A violent act along a busy Highway in Trinidad and Tobago on Monday, has been making the social media rounds.

A video that has since gone viral, showing two men and a woman involved in a heated Highway fight that saw stab wounds afflicted to at least two of those involved, is now the topic of much discussion in Trinidad and Tobago. How much is too much?

For quite some time, the issue of social media’s role in society’s desensitisation of crime and criminal behaviour in the country, has been pondered. Needless to say, not much has been done, if anything at all, to stop the trend of posting and sharing videos of bloody murder scenes, victim carcasses, sexually abused children, violent robberies and other such harsh visual content. For parents, the reality of their children’s unexpected exposure to such content, blares. Sadly, not every parent has the option of keeping their eyes peeled to their children at every second of the day.

Truth is, violence is everywhere in today’s society. From video games to movies, cartoons, nightly news, and certainly the web. It’s becoming tedious to guard the young and impressionable. While experts agree that no single factor can cause a nonviolent person to act aggressively, heavy exposure to violent media can be a risk factor for violent behaviour, they say.

Experts have also found that children who are exposed to multiple risk factors, including aggression and conflict at home, are the most likely to behave aggressively.

The topic of desensitisation is also one that comes to the fore. A study by the Annenberg Public Policy Center at the University of Pennsylvania found that parents who watched a lot of movies were more likely to say it was OK for younger kids to watch movies that had R-rated violence and sexual content. The great news is that as parents, you lead the way and as such, you can decide what you want your child/children to absorb from the media.

Here are a few tips on how parents can manage media violence and its effects on your children’s lives. 

  • Explain consequences. What parent hasn’t heard “but there’s no blood” as an excuse for watching a movie or playing a video game? Explain the true consequences of violence, and point out how unrealistic it is for people to get away with violent behavior.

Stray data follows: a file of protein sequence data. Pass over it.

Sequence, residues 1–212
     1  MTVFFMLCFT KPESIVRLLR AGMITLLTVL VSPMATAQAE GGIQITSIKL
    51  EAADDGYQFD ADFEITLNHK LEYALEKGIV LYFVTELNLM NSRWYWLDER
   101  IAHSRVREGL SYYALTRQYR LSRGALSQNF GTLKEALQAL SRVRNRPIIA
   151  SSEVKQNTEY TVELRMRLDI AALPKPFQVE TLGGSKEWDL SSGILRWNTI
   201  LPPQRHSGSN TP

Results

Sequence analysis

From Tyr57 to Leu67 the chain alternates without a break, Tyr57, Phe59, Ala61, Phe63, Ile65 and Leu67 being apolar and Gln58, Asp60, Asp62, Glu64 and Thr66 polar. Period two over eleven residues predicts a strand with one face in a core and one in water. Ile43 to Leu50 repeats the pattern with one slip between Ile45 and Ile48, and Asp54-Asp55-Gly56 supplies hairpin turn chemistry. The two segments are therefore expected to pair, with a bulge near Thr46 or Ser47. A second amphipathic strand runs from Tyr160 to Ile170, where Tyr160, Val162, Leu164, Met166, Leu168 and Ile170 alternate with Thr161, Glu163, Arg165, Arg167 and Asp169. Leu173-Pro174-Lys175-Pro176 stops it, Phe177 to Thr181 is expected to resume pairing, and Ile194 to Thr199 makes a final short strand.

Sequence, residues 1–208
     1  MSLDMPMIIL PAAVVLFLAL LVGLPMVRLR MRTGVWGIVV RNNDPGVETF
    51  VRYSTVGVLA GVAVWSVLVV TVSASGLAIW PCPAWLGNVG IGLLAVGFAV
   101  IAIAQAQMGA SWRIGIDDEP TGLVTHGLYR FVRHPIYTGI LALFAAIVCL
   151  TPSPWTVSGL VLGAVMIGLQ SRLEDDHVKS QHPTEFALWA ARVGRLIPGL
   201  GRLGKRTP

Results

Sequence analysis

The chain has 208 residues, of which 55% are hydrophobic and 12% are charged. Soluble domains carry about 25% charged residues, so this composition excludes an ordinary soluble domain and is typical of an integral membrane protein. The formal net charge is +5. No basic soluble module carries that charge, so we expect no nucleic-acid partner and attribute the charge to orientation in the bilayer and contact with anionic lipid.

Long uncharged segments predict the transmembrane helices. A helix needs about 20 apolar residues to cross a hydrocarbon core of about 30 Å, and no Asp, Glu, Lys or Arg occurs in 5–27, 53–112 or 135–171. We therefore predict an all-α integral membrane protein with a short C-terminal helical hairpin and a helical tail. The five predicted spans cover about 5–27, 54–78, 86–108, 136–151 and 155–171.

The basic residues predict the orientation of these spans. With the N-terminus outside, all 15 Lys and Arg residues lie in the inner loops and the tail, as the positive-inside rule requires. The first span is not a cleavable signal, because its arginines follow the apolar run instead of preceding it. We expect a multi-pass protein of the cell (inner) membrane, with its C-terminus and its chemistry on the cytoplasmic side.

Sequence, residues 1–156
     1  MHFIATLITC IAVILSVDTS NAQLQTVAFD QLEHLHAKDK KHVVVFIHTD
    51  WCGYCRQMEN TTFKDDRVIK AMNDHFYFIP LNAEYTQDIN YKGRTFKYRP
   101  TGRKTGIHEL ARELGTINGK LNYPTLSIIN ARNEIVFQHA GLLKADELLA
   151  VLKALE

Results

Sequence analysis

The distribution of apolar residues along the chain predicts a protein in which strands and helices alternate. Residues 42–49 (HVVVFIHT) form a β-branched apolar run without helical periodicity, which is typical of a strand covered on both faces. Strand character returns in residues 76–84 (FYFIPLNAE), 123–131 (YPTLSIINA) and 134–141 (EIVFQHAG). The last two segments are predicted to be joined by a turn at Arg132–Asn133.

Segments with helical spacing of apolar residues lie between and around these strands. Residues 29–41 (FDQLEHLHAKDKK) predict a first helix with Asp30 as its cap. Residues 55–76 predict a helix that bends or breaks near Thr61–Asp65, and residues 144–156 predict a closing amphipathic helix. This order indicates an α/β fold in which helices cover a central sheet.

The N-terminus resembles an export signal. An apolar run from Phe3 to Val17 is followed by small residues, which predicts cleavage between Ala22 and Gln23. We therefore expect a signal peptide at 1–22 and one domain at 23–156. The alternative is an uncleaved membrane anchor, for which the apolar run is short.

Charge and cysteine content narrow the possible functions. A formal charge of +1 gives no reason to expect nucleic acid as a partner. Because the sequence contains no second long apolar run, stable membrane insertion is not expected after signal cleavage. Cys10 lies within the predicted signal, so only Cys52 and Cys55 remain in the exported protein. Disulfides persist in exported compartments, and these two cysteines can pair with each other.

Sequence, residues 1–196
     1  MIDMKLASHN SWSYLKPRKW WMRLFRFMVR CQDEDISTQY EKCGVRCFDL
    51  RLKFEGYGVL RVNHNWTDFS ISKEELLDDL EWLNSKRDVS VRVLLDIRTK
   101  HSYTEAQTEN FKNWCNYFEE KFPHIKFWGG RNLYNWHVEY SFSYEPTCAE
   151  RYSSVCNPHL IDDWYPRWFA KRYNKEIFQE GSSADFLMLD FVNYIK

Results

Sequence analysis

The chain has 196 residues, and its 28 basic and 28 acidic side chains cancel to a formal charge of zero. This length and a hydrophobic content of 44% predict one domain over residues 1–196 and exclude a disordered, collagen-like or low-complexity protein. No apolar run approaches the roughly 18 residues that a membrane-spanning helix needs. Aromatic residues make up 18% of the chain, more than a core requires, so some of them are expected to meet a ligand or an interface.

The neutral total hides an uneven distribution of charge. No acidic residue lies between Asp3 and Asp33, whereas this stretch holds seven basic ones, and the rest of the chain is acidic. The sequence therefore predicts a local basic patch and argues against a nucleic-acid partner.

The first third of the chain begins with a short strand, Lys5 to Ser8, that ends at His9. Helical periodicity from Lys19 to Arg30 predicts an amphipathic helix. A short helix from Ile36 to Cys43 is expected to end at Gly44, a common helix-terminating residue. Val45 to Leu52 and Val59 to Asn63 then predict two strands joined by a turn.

• Keep an eye on the clock. Don’t let kids spend too long with virtual violence. The more time they spend immersed in violent content, the greater its impact and influence.
  • Teach conflict resolution. Most kids know that hitting someone on the head isn’t the way to solve a disagreement, but verbal cruelty also is violence. Teach kids how to use their words responsibly to stand up for themselves — and others — without throwing a punch.
  • Know your kids’ media. Check out ratings, and, when there are none, find out about content. For example, content in a 1992 R-rated movie is now acceptable for a PG-13. Streaming online videos aren’t rated and can showcase very brutal stuff.
  • Keep an eye on interactive media violence. There’s no way to accurately measure whether there’s more or less violence than in the past, but the pervasiveness of it in interactive forms, such as social media, online videos, and video games, is relatively new.

Advice based on age : 

  • Two- to 4-year-old kids often see cartoon violence. But keep them away from anything that shows physical aggression as a means of conflict resolution, because they’ll imitate what they see.
  • For 5- to 7-year-olds, cartoon rough-and-tumble, slapstick, and fantasy violence are OK, but violence that could result in death or serious injury is too scary.
  • Eight- to 10-year-olds can handle action-hero sword fighting or gunplay so long as there’s no gore.
  • For 11- to 12-year-olds, historical action — battles, fantasy clashes, and duels — is OK. But closeups of gore or graphic violence (alone or combined with sexual situations or racial stereotypes) aren’t recommended.
  • Kids age 13 to 17 can and will see shoot-’em-ups, blow-’em-ups, high-tech violence, accidents with disfigurement or death, anger, and gang fighting. Point out that the violence portrayed hurts and causes suffering, and limit the time they’re exposed to violence, especially in video games.
  • Most M-rated games aren’t right for kids under 17. The kid down the street may have the latest cop-killer game, but that doesn’t mean it’s good for him. The ultra-violent behavior, often combined with sexual images, affects developing brains. Just because your child’s friend is allowed to play violent games or watch violent movies doesn’t mean they’re OK for your child.